Larry Ellison: What Am I Missing About Cloud?
from the partly-cloudy dept
Things have been settling down a bit since the rush of information from Oracle after their takeover of Sun Microsystems was approved. The webcast was a marathon event, and it contained a lot of useful (and re-assuring) information for those of us who deal with Sun on a daily basis.
As usual, Larry Ellison’s keynote speech was the highlight of the event. Mad Larry is one of the few CEOs left in IT who feels powerful or comfortable enough in his position to speak his mind — and then to push hard to deliver his vision. Scott McNealy was another — it’s a mindset that’s usually seen in small, feisty startups, and rarely survives that initial growth spurt into global IT giant.
Apart from accusing the SAP guys of being mentally unstable, a key point from the speech was Larry’s attitude to Cloud Computing. Oracle has famously rubbished the concept for a number of years, and Larry took the opportunity to once again speak out.
At its core, Cloud Computing is essentially outsourcing — the old cost cutting measure we’ve known and loved for over 20 years. Facilities Management, Outsourcing, Cloud Computing — it’s essentially the same thing. All that is old shall become new again.
Larry quite rightly pointed out that Oracle has been doing this sort of thing for years. In fact everyone has — it’s not a new concept at all. The hype machine has been in full swing, though, at a level that’s not been seen since 2001 and the first dot-com boom. What irks Larry most, I suspect, is that he didn’t coin the phrase, and this is a hype train that he’s not driving. With Oracle’s history with networking computing and databases as appliances, it’s clear where his annoyance comes from — he’s been beating this particular drum for over a decade, and now Oracle are getting stick from analysts for not having their own Cloud Computing strategy.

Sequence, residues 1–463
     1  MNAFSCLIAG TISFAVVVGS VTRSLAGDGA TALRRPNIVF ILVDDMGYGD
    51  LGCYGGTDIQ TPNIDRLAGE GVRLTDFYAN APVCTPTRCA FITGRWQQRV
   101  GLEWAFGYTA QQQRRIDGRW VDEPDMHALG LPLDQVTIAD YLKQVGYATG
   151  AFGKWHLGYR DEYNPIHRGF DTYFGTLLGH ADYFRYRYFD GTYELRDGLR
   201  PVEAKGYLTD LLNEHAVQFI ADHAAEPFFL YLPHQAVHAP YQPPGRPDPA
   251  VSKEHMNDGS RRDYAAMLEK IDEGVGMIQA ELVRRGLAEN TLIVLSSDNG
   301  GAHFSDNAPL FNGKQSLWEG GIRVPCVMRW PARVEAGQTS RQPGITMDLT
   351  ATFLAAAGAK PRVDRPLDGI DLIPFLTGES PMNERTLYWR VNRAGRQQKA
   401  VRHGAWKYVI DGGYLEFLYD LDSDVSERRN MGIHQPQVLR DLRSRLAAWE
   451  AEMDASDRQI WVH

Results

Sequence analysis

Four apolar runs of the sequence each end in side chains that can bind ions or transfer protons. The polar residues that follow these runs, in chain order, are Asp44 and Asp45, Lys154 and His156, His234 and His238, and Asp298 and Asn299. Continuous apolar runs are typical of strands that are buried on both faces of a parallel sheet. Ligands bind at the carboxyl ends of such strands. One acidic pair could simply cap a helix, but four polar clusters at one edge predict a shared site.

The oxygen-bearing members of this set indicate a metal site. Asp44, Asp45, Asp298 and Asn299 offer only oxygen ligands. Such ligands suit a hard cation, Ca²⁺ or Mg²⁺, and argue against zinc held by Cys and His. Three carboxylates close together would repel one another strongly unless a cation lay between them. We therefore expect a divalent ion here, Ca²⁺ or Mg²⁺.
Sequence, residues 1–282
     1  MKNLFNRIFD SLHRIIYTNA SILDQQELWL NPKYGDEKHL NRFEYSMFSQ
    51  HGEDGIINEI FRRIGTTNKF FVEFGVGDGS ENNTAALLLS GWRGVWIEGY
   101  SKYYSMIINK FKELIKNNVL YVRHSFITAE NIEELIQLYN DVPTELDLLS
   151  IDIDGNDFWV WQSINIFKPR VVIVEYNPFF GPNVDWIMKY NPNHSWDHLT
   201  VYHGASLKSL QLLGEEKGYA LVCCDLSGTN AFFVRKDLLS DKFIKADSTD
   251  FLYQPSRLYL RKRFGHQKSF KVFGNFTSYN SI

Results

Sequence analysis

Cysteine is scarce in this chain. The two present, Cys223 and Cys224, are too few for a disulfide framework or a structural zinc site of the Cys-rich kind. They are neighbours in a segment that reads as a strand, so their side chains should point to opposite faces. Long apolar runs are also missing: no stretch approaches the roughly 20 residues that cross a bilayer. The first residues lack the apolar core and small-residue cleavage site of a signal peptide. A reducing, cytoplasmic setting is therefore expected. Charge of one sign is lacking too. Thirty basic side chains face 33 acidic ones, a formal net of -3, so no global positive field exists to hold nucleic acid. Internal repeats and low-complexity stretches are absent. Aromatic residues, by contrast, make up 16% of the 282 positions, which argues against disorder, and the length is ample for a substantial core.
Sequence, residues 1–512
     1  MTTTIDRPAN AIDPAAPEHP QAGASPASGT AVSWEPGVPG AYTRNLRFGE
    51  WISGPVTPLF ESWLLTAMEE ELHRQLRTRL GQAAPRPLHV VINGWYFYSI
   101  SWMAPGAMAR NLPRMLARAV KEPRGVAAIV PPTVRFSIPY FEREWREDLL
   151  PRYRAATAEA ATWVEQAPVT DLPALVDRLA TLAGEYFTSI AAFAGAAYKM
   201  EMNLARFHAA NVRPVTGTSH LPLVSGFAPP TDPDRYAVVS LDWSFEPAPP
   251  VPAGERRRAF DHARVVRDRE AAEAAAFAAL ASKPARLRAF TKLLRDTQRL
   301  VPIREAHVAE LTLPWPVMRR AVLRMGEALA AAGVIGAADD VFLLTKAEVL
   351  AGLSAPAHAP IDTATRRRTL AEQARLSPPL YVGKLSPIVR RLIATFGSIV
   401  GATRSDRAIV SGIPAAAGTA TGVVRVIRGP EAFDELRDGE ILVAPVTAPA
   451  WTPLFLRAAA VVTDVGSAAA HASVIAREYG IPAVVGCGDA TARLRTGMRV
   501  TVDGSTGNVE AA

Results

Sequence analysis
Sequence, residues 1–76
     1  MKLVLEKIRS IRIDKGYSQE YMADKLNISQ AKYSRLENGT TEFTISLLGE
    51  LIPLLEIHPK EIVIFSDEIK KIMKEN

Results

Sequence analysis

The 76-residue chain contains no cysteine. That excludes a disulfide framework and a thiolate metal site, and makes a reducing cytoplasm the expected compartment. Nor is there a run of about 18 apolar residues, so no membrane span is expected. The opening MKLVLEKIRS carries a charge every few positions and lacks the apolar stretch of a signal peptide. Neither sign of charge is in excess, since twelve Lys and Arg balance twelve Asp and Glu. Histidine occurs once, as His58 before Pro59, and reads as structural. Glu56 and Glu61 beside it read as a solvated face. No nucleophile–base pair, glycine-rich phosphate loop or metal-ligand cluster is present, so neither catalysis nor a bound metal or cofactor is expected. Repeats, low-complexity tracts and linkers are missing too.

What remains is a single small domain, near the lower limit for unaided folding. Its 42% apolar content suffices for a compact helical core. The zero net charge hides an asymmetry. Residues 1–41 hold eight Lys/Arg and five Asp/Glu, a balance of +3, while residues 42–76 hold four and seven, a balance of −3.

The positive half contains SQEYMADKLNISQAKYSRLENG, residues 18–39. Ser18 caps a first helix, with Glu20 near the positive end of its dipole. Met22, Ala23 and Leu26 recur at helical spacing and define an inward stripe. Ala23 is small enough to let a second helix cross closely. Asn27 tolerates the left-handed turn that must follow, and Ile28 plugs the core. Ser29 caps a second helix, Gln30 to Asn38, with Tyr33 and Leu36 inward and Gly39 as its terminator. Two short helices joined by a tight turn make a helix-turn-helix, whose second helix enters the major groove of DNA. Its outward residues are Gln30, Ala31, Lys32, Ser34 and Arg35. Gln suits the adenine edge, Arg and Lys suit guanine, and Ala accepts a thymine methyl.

In part, the hype around Cloud Computing is understandable — infrastructure can be expensive, good technologists definitely are very expensive, and bandwidth and x86 servers are not only cheap, they’re now commodities. It’s easy to sign up, slap some code out there, and see if it grows. We’ll worry about revenue later — let’s get something live.
Cloud Computing has the danger of becoming a heady mix of both dot-com bubble thinking, and poorly thought-out outsourcing deals. The ease with which you can get infrastructure provisioned is overshadowing the very real dangers that come with weak SLAs, poor performance profiling, non-existent data migration, lack of management oversight — all the problems that have plagued every outsourcing deal since the first CFO looked at IT and proclaimed: “These guys are a cost centre.”
When Larry asked ‘What am I missing about Cloud?’ — he was referring to the escalating hype about an old technology. The question, though, is a serious one that everyone should be asking before they get too seduced by the low costs and easy provisioning of Cloud Computing.